The Dalai Llama said: "If science proves aspects of Buddhism wrong, then Buddhism must change."
Tristan, April 14, 2003
I can remember sitting in an advanced math class in high school, being introduced to equations that involved infinity. I actually felt a little frightened of the notion that some number, some quantity, could be so large that you could never, no matter how advanced or how intelligent you became, measure it. I think that the human experience derives from a shared problem- my fellow humans seem to also have trouble explaining the infinite. I've come to believe that our personal definitions of Reality (from God to Quantum Theory) tantalize us with the notion that someday, we'll finally understand all of the answers to the question... "Why?"
Evan Wade, April 13, 2003
There seem to be two extremes; believers who are intent on twisting any scientific finding to suit their own ideology, and scientists who treat the quest for meaning as irrelevant. Since humans have been seeking "meaning" answers from the beginning, perhaps science should study WHY we as a species seem to be hardwired to ask those kinds of questions.
Leo Nagorski, April 7, 2003
I'm an agnostic on whether parts of human experience are forever beyond scientific understanding; I don't know. There may be ultimate limits to science, but that shouldn't stop us from pressing the search and expanding the boundaries of our understanding of human experience. Just think of the understanding we have gained in the search so far.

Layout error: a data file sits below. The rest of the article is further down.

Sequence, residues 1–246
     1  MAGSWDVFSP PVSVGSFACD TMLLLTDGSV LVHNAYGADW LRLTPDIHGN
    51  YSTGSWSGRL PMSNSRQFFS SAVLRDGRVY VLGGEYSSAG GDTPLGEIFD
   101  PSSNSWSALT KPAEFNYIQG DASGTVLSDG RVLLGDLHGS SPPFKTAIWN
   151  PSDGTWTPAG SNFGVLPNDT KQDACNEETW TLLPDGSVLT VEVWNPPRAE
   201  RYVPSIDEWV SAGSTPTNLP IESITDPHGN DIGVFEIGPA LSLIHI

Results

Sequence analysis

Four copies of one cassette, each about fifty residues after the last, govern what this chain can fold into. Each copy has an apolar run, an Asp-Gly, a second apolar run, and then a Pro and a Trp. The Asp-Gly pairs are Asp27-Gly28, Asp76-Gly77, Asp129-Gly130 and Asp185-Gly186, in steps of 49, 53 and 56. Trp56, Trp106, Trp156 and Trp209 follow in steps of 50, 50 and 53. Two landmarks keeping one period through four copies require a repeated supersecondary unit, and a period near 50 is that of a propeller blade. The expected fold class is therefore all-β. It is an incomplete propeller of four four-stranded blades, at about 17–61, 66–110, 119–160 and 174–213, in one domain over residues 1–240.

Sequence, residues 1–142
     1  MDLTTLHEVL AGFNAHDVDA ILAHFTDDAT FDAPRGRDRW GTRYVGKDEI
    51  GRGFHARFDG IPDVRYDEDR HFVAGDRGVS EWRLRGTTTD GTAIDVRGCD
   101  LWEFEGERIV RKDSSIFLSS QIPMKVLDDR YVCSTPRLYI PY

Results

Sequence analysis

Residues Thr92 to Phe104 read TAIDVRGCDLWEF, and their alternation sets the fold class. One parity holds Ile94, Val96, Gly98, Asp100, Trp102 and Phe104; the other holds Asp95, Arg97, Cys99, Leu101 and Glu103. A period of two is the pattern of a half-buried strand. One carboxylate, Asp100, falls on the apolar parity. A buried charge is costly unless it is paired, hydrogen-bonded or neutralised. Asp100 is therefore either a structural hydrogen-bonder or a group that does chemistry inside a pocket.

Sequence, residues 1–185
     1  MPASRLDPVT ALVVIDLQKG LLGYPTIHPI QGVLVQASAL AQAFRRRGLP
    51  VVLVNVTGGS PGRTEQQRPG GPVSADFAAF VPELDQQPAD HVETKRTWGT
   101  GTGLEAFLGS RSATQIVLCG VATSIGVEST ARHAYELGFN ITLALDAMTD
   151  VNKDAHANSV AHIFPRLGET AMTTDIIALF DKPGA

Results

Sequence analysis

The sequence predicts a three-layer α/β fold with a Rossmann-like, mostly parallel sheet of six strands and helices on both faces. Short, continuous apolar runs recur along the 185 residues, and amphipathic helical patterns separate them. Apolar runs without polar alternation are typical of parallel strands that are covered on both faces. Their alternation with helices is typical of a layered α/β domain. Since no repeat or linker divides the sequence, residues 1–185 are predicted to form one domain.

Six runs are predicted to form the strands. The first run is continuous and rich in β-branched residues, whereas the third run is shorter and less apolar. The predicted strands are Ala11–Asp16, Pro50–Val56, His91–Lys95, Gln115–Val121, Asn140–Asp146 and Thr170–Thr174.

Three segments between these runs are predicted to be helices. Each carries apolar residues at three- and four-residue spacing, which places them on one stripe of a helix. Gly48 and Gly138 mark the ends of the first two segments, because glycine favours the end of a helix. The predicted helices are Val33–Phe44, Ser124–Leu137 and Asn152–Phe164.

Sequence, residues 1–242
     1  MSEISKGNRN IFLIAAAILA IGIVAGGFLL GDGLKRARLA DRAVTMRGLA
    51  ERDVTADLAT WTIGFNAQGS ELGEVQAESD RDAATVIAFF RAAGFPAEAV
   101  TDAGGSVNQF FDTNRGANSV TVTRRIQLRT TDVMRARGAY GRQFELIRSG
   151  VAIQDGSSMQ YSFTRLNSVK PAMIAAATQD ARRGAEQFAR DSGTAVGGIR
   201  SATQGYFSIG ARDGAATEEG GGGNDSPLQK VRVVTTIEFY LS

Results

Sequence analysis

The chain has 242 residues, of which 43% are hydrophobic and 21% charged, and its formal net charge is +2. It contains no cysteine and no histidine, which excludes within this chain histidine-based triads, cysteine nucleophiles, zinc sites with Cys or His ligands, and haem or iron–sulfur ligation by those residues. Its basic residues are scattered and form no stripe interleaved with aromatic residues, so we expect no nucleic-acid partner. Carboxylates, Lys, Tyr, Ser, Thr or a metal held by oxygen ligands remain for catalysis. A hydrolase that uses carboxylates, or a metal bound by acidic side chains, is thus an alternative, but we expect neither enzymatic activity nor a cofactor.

Norton Belknap, March 18, 2003
One of the things that makes the scientific method powerful is the limits we put on it: it pertains to testable hypotheses with predictive power, tested using observation and experiment. Those parts of the human experience that are untestable and unprovable are by definition outside the realm of scientific understanding. To me, it seems that far more than just the existence of god, or religious truths, exists in this realm. Human experience may be derived from electrical and chemical impulses, but it doesn't feel that way, does it? That's a gap science may never be able to bridge.
Greg Okin, March 17, 2003
I think its clear we're still at an early stage in understanding the universe -- both scientifically and in religious or spiritual terms. These different modes of thought and knowing are in conflict only when people interpret them so narrowly as to deny other modes of thought. To me, that means it is simply too early to say whether the insights from each will ultimately coincide or differ.
Allen Hammond, March 16, 2003
Science is able to explain the basis for existence: Religion gives us the ability to hope for things that science cannot explain. My beliefs give me a reason to face each day in a positive way while science gives me the hope of a better world through its medical breakthroughs and the ability to help understand the world around us.
Mary Gant, March 16, 2003